Last week, motorcyclist Wally Melendez of Destin sent a letter to the Destin Log asking local drivers to help prevent motorcycle accidents. As Melendez mentioned, the 2010 Florida State HOG Rally in Destin and Ft. Walton Beach is coming up next week, as are other cycling events such as Biketoberfest. All of that makes this an opportune time for a reminder to “Start Seeing Motorcycles.”
“I ride my Harley Davidson in this town. I ride with a fear of drivers who ride their brakes, turn suddenly in front of me, stop without reason, and tailgate me on my bike,” Melendez says.
10 Motorcycle Safety Tips for Other Drivers
As Melendez points out, motorcyclists are not as well protected as drivers of other vehicles, and a motorcycle accident can cause serious injuries or even death to either party, but often with catastrophic consequences for the biker.
Here are ten safety tips for drivers to help you start seeing bikers and prevent motorcycle accidents, courtesy of the Motorcycle Safety Foundation:
1) Out on the road, don’t think of a motorcycle as a vehicle — think of it as a person.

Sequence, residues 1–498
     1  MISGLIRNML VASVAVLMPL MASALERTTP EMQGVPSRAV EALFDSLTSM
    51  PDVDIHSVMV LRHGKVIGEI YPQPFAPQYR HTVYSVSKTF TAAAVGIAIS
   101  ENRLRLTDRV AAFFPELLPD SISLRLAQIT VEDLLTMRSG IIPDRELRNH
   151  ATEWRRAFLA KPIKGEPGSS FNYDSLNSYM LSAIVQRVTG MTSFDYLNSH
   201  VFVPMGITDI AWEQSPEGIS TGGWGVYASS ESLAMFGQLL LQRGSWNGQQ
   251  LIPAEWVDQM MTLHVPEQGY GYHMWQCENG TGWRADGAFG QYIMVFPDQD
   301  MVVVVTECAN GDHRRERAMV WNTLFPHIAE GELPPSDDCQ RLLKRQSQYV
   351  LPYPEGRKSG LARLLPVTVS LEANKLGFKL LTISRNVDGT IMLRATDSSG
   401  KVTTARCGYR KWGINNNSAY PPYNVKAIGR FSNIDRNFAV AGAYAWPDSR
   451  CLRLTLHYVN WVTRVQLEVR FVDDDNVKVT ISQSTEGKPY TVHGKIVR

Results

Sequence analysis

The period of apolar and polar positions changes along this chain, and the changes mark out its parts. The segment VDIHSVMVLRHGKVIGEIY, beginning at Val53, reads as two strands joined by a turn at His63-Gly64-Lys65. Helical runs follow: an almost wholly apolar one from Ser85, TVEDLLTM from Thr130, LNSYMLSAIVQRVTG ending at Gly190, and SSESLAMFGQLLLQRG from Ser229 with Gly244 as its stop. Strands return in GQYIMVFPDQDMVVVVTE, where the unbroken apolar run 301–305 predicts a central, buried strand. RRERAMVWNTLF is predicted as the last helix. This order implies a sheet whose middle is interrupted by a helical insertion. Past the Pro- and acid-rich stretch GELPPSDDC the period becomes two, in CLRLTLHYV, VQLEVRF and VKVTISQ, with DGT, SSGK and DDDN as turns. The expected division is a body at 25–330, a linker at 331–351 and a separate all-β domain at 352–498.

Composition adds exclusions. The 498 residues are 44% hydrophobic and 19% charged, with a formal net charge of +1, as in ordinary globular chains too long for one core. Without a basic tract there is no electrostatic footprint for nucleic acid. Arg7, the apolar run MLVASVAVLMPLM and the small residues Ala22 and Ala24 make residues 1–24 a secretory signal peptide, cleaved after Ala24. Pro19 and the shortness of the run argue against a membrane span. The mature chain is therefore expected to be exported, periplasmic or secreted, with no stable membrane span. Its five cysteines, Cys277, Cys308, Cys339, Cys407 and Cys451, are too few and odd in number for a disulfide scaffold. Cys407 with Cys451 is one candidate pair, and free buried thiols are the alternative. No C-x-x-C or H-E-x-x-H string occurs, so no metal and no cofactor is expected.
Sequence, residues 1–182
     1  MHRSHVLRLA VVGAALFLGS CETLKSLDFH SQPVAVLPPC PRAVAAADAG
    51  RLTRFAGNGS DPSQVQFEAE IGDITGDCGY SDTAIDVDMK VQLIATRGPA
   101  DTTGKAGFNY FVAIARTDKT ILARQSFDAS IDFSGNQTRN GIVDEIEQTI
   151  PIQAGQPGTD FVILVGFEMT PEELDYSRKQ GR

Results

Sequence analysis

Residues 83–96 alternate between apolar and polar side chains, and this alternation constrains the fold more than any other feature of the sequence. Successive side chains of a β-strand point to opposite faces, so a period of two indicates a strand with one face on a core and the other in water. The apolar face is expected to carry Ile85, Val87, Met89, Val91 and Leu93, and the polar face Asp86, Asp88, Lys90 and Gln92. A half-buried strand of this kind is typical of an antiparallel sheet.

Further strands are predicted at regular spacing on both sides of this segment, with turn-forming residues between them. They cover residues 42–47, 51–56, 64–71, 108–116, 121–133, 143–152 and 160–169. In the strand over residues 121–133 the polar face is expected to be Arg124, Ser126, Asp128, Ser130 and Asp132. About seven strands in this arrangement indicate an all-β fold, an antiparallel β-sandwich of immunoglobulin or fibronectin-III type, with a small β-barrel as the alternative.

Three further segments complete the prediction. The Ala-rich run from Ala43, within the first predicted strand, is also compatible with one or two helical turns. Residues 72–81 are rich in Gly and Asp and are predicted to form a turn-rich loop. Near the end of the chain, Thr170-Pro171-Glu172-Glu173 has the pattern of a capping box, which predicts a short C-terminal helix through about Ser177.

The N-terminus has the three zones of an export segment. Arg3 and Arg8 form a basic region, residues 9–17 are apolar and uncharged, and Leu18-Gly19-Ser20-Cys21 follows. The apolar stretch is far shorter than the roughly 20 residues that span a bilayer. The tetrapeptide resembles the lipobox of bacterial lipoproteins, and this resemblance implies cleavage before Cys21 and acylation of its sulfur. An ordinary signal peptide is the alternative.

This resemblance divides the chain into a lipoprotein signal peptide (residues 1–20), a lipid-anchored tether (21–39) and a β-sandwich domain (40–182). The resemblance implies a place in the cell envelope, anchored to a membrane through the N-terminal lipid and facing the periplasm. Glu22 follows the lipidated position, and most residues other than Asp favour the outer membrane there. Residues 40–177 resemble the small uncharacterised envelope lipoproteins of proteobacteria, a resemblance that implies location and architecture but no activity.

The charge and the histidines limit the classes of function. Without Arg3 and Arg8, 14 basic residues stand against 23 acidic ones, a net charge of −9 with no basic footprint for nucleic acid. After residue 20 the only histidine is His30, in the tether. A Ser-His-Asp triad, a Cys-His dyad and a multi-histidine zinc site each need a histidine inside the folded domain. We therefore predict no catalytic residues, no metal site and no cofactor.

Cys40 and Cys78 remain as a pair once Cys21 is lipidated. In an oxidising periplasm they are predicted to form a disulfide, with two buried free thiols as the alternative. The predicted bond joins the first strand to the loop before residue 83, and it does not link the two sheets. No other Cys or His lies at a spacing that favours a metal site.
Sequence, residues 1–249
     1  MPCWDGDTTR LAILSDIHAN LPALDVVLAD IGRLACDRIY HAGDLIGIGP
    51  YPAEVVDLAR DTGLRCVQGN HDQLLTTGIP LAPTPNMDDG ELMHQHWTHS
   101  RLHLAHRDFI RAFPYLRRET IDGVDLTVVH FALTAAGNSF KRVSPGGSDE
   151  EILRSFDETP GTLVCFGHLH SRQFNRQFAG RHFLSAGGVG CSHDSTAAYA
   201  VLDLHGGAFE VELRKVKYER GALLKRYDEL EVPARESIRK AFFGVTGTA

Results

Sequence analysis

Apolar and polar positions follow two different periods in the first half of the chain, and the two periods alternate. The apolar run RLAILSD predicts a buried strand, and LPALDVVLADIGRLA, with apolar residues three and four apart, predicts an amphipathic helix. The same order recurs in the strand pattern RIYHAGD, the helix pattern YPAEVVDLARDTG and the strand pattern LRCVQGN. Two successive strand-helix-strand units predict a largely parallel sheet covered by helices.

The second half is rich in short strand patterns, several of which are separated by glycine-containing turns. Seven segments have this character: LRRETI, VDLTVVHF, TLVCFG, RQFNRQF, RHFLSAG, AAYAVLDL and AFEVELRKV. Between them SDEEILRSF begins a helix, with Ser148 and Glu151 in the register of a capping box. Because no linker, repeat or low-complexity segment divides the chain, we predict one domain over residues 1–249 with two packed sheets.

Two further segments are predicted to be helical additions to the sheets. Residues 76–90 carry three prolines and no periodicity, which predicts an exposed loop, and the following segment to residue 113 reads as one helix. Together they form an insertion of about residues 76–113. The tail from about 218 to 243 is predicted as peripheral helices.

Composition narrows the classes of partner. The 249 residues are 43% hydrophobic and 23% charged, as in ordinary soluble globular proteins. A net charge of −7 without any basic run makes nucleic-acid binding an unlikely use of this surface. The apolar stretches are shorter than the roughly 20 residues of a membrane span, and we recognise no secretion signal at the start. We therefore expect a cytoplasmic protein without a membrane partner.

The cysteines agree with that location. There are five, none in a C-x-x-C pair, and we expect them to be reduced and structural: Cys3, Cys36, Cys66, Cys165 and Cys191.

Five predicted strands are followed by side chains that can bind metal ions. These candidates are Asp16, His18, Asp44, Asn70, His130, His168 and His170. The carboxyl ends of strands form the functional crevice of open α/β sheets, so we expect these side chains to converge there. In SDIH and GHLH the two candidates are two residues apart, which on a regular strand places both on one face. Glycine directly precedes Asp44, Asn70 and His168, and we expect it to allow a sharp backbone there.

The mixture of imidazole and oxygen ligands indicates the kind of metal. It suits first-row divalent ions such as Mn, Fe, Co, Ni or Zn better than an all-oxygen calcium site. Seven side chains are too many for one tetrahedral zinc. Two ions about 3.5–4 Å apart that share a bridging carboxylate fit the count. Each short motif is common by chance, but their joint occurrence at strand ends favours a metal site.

2) Actively look for motorcycles, especially when checking for traffic at an intersection. Look left, look right, then look left again.
3) The stopping distance for motorcyclists is actually about the same as for cars, but slippery pavement can make it harder for a biker to stop. Don’t assume a motorcycle can stop on a dime.
Beware of false visual cues caused by a motorcycle’s size:
4) A motorcycle’s small size can make it seem farther away than it is. When you stop or turn in front of a motorcycle, predict that it is closer than it appears.
5) A motorcycle’s small size can also make it seem to be going faster than it is.
6) Motorcycles are easily hidden in a car or truck’s blind spots or masked by other objects on the road — even backgrounds like bushes, fences and bridges. Before stopping or turning, take an extra moment to check thoroughly.
7) Understand that motorcyclists often adjust position within a lane in order to be seen more easily or to avoid debris. They are not driving recklessly or inviting you to share their lane.
8) Motorcycles often slow down without braking — so their brake lights don’t always activate when they’re slowing down.
9) Motorcycles’ turn lights are not self-canceling, so some riders forget to turn them off. Take a moment to make sure a motorcycle is really turning before you rely on it.
10) Although motorcycles are quite maneuverable, don’t assume every biker can avoid a motorcycle accident by just dodging out of your way.
- The Destin Log, “LETTER: A Destin Harley rider’s cry for attention,” Wally Melendez, October 6, 2010
- Motorcycle Safety Foundation, “QUICK TIPS: Ten Things All Car & Truck Drivers Should Know About Motorcycles”